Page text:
Have you tried black garlic? If not, then try it in our Black Garlic Vinaigrette with its slightly liquoricey, molasses taste; your green salads, roasted veg and grilled meats will be given a flavour boost.
I have kept this black garlic vinaigrette recipe quite simple to allow the black garlic to shine; it is made up of silky olive oil, a punchy red wine vinegar, a dash of Dijon and, of course, the star of the show, black garlic.
I also decided to grate the garlic and not to blitz it into a dressing so as not to blacken the salad leaves. Blitzing this dressing will thicken it, which makes it sensational on roasted vegetable salads such as beetroot/beets or carrots.
Table of contents
What is black garlic?
Exotic-sounding black garlic has been used in Asian cooking for centuries, and it is quite simply regular garlic that has been aged for several weeks or months until the cloves blacken and develop a sticky texture.
The blackening of the garlic can be attributed to the Maillard reaction rather than caramelisation. Maillard reaction is what gives browned foods their distinctive flavour, such as the taste of seared meat, fried onions or roasted coffee.
The difference between black and regular garlic
Black garlic is much milder and sweeter than regular garlic, with a slight liquorice/molasses taste to it. Surprisingly the aging process increases the nutritional value by doubling the antioxidants that are found in regular garlic.
What can I use instead?
Black garlic can be in Coles or Woolworths in Australia; I have seen it in the fruit and veg section and the deli section or at Trader Joe’s in the US.
If you are unable to find it, then I suggest roasting regular garlic with some balsamic vinegar until it softens.
What Can I Use It On?
Steamed veg such as asparagus or green beans
- Leafy green salads such as spinach, rocker/arugula or lettuce varieties
- Sturdy greens such as kale, chard or silverbeet
- Roasted veg such as beets, carrots or whole roasted baby potatoes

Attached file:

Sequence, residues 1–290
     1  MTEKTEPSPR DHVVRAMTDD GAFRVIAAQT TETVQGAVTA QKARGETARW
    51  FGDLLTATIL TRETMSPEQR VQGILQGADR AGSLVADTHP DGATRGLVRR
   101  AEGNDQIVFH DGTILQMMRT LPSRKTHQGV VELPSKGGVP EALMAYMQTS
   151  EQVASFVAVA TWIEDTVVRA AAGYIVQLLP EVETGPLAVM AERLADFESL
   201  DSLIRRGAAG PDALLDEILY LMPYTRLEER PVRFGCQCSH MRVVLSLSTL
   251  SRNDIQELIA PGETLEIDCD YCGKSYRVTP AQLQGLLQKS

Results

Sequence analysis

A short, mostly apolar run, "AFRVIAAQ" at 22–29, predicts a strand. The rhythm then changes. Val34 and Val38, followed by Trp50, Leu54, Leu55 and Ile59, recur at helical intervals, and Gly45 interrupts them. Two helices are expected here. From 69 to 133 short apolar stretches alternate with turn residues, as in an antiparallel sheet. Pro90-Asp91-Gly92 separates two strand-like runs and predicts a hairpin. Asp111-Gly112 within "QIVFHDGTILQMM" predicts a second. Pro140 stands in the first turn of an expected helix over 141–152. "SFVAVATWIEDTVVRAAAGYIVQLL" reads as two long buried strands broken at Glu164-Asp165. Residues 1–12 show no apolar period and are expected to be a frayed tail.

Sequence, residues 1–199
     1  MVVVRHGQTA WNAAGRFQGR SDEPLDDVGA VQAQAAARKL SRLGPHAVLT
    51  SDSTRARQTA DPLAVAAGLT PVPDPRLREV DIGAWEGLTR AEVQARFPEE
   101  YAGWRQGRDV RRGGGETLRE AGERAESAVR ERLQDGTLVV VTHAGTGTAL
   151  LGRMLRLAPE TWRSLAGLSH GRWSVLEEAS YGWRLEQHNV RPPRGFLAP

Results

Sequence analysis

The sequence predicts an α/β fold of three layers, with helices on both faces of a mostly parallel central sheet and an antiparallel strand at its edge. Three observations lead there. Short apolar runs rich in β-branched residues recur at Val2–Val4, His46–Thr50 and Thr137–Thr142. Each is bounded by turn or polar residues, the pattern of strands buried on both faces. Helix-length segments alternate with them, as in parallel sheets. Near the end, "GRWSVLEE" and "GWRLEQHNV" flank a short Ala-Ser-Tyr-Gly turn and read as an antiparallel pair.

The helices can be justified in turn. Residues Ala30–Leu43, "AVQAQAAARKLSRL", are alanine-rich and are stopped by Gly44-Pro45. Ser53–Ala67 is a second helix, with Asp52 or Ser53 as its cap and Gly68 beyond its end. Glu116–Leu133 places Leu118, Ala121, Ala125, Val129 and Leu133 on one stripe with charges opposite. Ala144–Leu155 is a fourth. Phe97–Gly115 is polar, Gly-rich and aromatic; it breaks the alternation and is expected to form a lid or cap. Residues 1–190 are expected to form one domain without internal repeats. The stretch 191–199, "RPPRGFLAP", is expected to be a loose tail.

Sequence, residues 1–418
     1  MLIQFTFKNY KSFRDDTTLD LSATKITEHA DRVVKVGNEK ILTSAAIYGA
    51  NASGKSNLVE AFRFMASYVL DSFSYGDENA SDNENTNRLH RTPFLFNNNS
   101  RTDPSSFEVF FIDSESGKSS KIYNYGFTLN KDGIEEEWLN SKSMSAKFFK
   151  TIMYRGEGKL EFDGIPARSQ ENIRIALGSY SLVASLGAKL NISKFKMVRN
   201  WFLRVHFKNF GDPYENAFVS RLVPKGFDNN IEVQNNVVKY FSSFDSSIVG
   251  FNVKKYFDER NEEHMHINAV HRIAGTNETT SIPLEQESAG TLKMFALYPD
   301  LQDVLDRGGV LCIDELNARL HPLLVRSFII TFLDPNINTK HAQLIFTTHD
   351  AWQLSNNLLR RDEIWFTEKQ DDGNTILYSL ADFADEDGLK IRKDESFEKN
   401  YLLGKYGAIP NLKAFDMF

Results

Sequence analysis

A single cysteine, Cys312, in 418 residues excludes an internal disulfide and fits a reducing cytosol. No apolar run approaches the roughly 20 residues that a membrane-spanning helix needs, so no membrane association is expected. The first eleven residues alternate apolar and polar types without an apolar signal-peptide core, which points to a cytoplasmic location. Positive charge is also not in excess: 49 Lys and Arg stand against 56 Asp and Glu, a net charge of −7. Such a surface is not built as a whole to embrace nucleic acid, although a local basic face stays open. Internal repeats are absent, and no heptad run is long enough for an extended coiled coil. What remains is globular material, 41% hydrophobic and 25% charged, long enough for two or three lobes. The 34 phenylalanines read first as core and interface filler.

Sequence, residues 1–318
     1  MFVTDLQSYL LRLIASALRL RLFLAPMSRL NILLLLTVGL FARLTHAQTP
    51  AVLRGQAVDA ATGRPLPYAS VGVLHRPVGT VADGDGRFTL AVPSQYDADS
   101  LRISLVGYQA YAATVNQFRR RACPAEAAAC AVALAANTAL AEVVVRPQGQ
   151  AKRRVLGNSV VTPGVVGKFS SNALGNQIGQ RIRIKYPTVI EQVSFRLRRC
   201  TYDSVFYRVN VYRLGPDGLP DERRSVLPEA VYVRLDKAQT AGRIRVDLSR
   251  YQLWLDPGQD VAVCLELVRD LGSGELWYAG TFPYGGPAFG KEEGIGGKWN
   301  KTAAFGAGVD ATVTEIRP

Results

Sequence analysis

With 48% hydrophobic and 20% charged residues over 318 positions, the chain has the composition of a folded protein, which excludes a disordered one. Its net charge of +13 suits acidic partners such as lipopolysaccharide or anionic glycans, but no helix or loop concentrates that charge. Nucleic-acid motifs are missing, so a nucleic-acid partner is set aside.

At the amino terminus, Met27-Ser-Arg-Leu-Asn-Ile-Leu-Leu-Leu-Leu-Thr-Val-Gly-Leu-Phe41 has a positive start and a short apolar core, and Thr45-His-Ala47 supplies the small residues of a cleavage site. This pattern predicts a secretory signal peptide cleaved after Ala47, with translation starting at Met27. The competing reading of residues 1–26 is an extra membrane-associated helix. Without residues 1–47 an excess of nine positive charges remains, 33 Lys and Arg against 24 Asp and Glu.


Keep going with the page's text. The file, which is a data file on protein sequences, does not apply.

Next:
- Steamed veg such as asparagus or green beans
- Grilled mushrooms
- As a marinade for meats or poultry
- To drizzle on avocado toast
- Add to veggie and grain bowls
You Will Need
How to Make It
- Carefully grate or finely dice the garlic and add it to a clean glass jar or a container with a tight-fitting lid. It is quite sticky, so you need to be careful when handling it.
- Add the remaining ingredients, season with some sea salt and cracked black pepper, and shake well to combine.
- Taste your black garlic vinaigrette and adjust seasonings according to your liking.
- Pour it into a sealed glass container and store it in your fridge.
People Also Ask...
Our sesame vinaigrette will suit, Dairy-free, Nut-free, Vegan, and Vegetarian diets.
For Gluten-free, Whole30 and Paleo, you will need to swap the Soy sauce for coconut aminos and for Keto, you will need to swap the honey for a keto-compliant sweetener.
Each tablespoon contains one net carb and 84 calories.
Generally speaking, I like to use one tablespoon of dressing for each cup of prepared salad. I find that this amount is good enough to coat your veggies and salad leaves without drowning them. However, for grain and noodle salads, I use a bit more as they tend to absorb more of the dressing.
We Have Used It On
You can try It as an alternative dressing for...
- Clean sealed glass container
- 6 tablespoons olive oil
- 3 tablespoons red wine vinegar
- 3 cloves Black garlic
- 1 teaspoon Dijon mustard
- Sea salt and cracked black pepper
- Carefully grate the garlic and add to a clean glass jar or a container with a tight fitting lid.
- Add the remaining ingredients, season with some sea salt and cracked black pepper, shake well to combine.
- Taste and adjust seasonings according to your liking.
- Keep it in a sealed container in the fridge for two weeks or longer.